Maybe you'll think this small system is so much fun that you want to give it a permanent place on your desktop. That is where the script comes in. It works with both KDE (KDialog) and Gnome (Zenity) and it makes it easier to launch the QEMU/Coherent combination. The only thing you have to do is to state where your disks are located:
If you want to exchange files between Coherent and your host, you'll have to change /etc/fstab as well:
/opt/qemu/fat16.dd /mnt/coherent msdos rw,user,noauto,loop 0 0
Note this is the uncompressed, original file! You can mount the uncompressed Coherent image as well (as sysv), but you won't be able to write to it. I don't think I'll have to tell you how to mount a floppy image, do I? Once the VM is up and running you can exchange the virtual, empty floppy for the raw version by switching to the QEMU monitor and issuing:
change floppy0 fat16.dd
However, while the raw floppy is online you can't make a snapshot. When you want to take a snapshot you simply return to the dummy floppy by issuing:
change floppy0 fat16.dsk
Ok, now we've cleared that one we can concentrate on the real issue here: how do we get any files from the floppy? That's not as difficult as you think. You'll only need to edit one file, /etc/default/msdos. Make sure the appropriate section reads:
# This is for a system with a 3.5 inch A drive and a 5.25 inch B drive
And you're ready to rock 'n roll. There is a whole slew of MS-DOS related commands at your disposal like:
  • dosls
  • doscp
  • dosrm
  • dosrmdir
E.g. copying the /etc/default/msdos file to the floppy is simply:
doscp /etc/default/msdos a:
And copying it back is done by:
doscp a:/msdos /etc/default
Well, that ain't rocket science, is it? We can use it right away to fix some Y2K issues. Yes, this version of Coherent won't go past the 31st of December 1999, but it is easily fixed by ATclock and date. Copy them to the /bin directory and reboot. That'll fix it.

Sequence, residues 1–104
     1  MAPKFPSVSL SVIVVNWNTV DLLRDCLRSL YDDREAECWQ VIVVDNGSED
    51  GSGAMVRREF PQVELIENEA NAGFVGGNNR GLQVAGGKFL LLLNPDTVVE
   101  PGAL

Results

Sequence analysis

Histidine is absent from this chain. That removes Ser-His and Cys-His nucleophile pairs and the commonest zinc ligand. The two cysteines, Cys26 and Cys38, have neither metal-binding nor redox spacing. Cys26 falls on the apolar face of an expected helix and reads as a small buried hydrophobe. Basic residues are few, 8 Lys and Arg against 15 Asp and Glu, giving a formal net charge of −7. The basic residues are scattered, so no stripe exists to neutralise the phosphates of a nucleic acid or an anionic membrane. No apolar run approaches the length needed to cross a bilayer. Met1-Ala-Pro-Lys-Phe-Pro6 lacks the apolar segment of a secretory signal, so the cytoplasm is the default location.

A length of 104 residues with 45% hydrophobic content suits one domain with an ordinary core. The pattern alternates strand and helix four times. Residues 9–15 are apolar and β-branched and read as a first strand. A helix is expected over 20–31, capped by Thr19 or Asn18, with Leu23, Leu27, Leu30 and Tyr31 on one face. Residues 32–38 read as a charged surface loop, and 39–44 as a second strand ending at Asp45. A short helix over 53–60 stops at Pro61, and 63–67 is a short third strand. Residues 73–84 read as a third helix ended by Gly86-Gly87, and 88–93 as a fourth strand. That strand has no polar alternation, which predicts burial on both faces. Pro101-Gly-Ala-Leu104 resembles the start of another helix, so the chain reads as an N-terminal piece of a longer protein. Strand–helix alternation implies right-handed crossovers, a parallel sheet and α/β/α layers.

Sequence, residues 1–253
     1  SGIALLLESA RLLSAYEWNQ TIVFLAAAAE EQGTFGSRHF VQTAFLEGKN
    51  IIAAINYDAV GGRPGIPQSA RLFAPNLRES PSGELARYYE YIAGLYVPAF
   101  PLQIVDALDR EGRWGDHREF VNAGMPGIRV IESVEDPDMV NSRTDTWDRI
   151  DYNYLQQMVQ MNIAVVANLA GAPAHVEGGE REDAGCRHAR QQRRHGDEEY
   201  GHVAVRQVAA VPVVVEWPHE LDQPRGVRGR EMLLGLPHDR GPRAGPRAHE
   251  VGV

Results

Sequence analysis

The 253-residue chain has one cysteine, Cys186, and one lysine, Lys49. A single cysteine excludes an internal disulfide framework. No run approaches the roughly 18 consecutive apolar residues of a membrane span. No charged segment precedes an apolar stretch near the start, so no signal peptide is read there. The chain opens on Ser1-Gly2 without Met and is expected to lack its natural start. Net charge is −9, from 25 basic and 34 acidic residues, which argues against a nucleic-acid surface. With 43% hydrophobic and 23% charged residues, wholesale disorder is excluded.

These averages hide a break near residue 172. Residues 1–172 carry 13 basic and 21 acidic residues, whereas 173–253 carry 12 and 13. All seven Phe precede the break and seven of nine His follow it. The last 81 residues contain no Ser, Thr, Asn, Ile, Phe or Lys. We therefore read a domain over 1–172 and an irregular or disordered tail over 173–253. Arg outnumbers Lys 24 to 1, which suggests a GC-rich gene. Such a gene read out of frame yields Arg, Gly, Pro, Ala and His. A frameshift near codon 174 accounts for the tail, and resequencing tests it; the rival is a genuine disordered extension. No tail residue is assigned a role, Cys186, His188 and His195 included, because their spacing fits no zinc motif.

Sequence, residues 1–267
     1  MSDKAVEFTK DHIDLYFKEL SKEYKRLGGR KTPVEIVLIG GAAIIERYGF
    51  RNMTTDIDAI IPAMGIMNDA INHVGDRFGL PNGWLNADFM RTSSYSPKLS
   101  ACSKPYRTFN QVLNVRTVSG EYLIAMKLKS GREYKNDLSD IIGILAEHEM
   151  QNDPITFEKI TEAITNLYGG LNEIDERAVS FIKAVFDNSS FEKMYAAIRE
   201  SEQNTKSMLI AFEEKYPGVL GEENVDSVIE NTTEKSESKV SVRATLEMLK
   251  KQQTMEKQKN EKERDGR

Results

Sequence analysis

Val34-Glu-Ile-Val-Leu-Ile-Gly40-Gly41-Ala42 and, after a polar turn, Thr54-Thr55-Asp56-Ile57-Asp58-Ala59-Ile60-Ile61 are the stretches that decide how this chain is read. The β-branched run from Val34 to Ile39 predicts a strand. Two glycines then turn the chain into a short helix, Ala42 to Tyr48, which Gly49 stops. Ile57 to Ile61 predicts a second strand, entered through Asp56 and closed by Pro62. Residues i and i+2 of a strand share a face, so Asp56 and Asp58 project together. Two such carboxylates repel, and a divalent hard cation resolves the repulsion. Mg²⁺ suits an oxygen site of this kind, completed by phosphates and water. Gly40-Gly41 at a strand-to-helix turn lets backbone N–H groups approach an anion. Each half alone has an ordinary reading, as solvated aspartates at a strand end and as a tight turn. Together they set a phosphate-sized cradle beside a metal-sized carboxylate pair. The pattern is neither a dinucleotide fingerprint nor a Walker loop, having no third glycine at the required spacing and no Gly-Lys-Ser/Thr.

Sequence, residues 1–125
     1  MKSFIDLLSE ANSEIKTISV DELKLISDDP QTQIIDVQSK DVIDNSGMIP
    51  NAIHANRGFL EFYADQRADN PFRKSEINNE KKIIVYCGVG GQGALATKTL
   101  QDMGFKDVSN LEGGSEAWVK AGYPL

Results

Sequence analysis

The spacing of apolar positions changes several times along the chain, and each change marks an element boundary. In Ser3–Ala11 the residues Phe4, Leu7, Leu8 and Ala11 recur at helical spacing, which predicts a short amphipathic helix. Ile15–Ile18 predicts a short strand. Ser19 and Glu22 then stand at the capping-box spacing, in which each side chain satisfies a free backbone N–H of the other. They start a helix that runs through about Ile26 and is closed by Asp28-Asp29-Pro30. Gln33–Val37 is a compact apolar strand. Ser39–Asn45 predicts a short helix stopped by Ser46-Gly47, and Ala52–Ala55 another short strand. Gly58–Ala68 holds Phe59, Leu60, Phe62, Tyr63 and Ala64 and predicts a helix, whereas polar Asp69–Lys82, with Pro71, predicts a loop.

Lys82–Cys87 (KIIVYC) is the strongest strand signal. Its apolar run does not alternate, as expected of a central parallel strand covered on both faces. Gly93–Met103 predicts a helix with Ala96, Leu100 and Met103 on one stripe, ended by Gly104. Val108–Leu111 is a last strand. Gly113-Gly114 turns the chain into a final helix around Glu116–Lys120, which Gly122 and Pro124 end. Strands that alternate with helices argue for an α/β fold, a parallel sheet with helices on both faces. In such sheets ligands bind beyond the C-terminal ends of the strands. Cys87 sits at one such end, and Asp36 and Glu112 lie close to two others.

You may also be tempted to try another kernel. Several ones are available here. Just copy it to the root and hard-link it to autoboot, e.g.:
ln cohat0 autoboot
Note you can also select a kernel when starting up - just press [SPACE] immediately. Coherent will answer:
If installing COHERENT, please type "begin".
But it is actually a prompt for the kernel name. Obviously, if you type autoboot it will boot the default kernel - just in case you don't know how to get out of there ;-)

Final notes
  • Although Coherent comes with a full fledged C compiler, it won't compile your ANSI-C sources, since it is strictly K&R C. However, GCC - and all the GNU stuff that comes along with it - is available. Still, I like the little beast, since it makes small and fast compilants.
  • Coherent does have virtual consoles. Press [CTRL]-[NUM0], [CTRL]-[NUM1], etc.
  • The archives of comp.os.coherent are compelling reading, featuring Linus Torvalds on who's got the best OS.
  • Additional notes and links on the subject are appreciated. Just leave them in the comments.

Useful links
Good sources for additional software are:
Additional information can be obtained:

There have been consistent reports on Coherent being considerably faster on QEMU 1.7 and up. Well, I tested it and even if there may be some truth to it, it's not very significant nor consistent. If you can deal with it, convert your QCOW2 image to a raw one, because that will give you the required speedup.

But the biggest drawback is that your C compiler will go haywire, spitting out errors on perfectly fine include files. This behavior was still present on the QEMU 2.0.2 version, although slightly less prominent.

The last QEMU version known to work flawlessly is 1.4.

Coherent is Open Source now (thank you, Jason Stevens)!

Saturday, February 25, 2012

Hollywood still doesn't get it

The Dutch Anti-Piracy organization "Brein" has decided to sue ISP's UPC, KPN, T-Mobile and Tele2 after their recent victory in court. I really don't understand why. First of all, blocking a handful of IP addresses hasn't had any effect at all.

But most of all, if you really want to fight piracy you got to have support from the public. And that support is crumbling with each and every effort to enforce compliance to that 10 minutes of pesky messages you get when you insert a "legal" DVD. Yeah, you name them all: SOPA, PIPA, ACTA or whatever they may be called. Crowds are cheering on the streets and can't wait to have them ratified.